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The Hector-class light destroyer was a class of missile destroyers used by both the and during the early .
The Hector was the workhorse of the UNSC and CMA fleets for almost fifty years, serving as one of the most common naval vessels in human space. It was almost ubiquitous to the colonial power of Earth itself, at the forefront of colonial security operations, merchant escort, search-and-rescue, and anti-piracy missions.
They would see action during many conflicts, such as the Blackwater Incident, the Omicron Eridani conflicts, and the the Eridanus II Insurrection. Several of them would be appropriated and used by the secessionist navy during the Falkirian War for Independence.
During this time there was one notable incident in which a rebel-piloted GA-TL1 Longsword instigated an attack on the UNSC Mekong, where it fired two anti-ship missiles and one of them managed to evade the Mekong's point-defenses and struck the hangar bay, almost destroying the ship.
Thein 2494 would mark the end of the Hector's glory days and the beginning of the end to its service as a whole. The incident resulted in the embarrassing loss of three Hectors at the hands of Insurrectionists, and revealed critical inadequacies in the design. From there on, the Hector would be steadily phased out as more were introduced that were effective in this new age of warfare. Many still served as part of colonial defenses forces and in reserve fleets while others fell under the control of Insurrectionist forces and pirates.
During the Human-Covenant War, the Hector-class proved almost completely ineffective, as most notably displayed during the battles of Gamma Aurigae and Midvale. Their arsenal of just seven anti-ship missiles was laughably pitiful against the highly advanced technology of the Covenant, almost always being shot down before they can hit and doing almost no damage to the shields if they do. In 2525, many Hectors were slated for emergency refit. However most were destroyed in the initial years of the conflict before they could be rearmed. A number were able to be successfully refitted in time for battle with Archer missile pods, but this was still proved almost useless for many of the same problems.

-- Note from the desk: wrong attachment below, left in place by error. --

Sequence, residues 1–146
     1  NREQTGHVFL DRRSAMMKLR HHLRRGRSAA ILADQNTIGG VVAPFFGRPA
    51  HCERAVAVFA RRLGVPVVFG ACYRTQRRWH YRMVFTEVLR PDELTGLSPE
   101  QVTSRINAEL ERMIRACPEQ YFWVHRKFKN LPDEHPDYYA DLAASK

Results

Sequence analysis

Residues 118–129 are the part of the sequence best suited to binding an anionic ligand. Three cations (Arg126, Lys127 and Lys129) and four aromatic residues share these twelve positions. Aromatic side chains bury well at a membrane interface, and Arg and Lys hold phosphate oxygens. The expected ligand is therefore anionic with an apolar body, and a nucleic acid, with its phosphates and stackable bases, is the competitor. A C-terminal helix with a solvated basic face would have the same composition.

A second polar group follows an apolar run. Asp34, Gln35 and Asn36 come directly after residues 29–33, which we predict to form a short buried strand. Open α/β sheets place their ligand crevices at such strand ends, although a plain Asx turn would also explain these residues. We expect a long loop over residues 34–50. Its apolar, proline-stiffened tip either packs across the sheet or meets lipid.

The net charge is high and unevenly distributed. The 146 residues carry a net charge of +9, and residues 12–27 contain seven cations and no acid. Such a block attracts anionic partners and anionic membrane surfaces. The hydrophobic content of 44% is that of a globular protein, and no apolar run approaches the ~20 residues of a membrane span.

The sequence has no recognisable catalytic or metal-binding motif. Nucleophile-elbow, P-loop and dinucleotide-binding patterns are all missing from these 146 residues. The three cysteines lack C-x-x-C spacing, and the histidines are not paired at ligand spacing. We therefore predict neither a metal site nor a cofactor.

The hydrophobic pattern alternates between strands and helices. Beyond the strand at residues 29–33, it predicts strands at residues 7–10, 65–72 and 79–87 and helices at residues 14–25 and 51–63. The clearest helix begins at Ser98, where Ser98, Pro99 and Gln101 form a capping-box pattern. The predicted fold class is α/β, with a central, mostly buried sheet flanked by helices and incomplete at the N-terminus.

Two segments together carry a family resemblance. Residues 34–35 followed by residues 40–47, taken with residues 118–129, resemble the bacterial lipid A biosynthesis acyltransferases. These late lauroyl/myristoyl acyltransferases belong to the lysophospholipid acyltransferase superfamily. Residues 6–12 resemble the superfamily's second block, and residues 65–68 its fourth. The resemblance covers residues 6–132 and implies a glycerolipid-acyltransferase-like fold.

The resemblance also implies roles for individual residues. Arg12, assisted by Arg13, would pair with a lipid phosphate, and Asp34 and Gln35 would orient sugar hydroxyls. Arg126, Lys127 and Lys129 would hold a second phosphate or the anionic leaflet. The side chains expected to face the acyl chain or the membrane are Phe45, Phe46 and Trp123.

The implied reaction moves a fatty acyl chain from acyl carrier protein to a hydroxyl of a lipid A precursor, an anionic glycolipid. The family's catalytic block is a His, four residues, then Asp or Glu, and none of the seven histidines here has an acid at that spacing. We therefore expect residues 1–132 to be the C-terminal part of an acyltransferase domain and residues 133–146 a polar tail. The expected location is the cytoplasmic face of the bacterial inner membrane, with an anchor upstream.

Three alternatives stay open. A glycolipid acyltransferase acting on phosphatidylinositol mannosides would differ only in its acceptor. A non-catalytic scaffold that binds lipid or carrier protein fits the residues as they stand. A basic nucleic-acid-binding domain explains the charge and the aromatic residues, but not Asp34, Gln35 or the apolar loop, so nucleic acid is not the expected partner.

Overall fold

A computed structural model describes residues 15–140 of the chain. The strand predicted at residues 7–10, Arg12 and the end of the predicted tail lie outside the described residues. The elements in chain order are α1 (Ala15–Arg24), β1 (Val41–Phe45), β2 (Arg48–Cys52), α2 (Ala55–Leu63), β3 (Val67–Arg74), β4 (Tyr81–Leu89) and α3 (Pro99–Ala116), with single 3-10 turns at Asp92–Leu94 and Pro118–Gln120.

By the end of 2527, almost all the remaining Hector-class light destroyers would be scrapped and the class officially retired. Some examples would continue to exist, but only those found in the hands of Insurrectionist rebels and pirate fleets, but even these became increasingly rare sights in human space.
Design and Armament
The Hector-class design was a staple of contemporary ship designs and naval philosophy; simple, sturdy, utilitarian, and with optimizable loadouts to its arsenal. Some observers stated the ship resembled a shorter and stockier version of a Halberd-class, having pioneered the arrowhead design, but have a much more "broadhead" design.
Built before the introduction of the Magnetic Accelerator Cannons or Archer missiles, its standard armament consisted of sevenand six point-defense batteries, with a optional loadout of two fusion rockets. By modern standards, this arsenal can be considered laughably small but at the time was considered the standard for destroyer-class vessels.
Ships of the Line
|Name||Hull Classification Symbol||Commissioned||Notes|
|UNSC Hector||HE-1||January 30th, 2444||Lead ship of the class.|
|UNSC Mekong||HE-75||August 4th, 2467||Was attacked and severely damaged by a rebel Longsword in the Epsilon Eridani system.|
|UNSC Galahad||HE-121||October 3rd, 2477||First command of Sebastian T. Shelby.|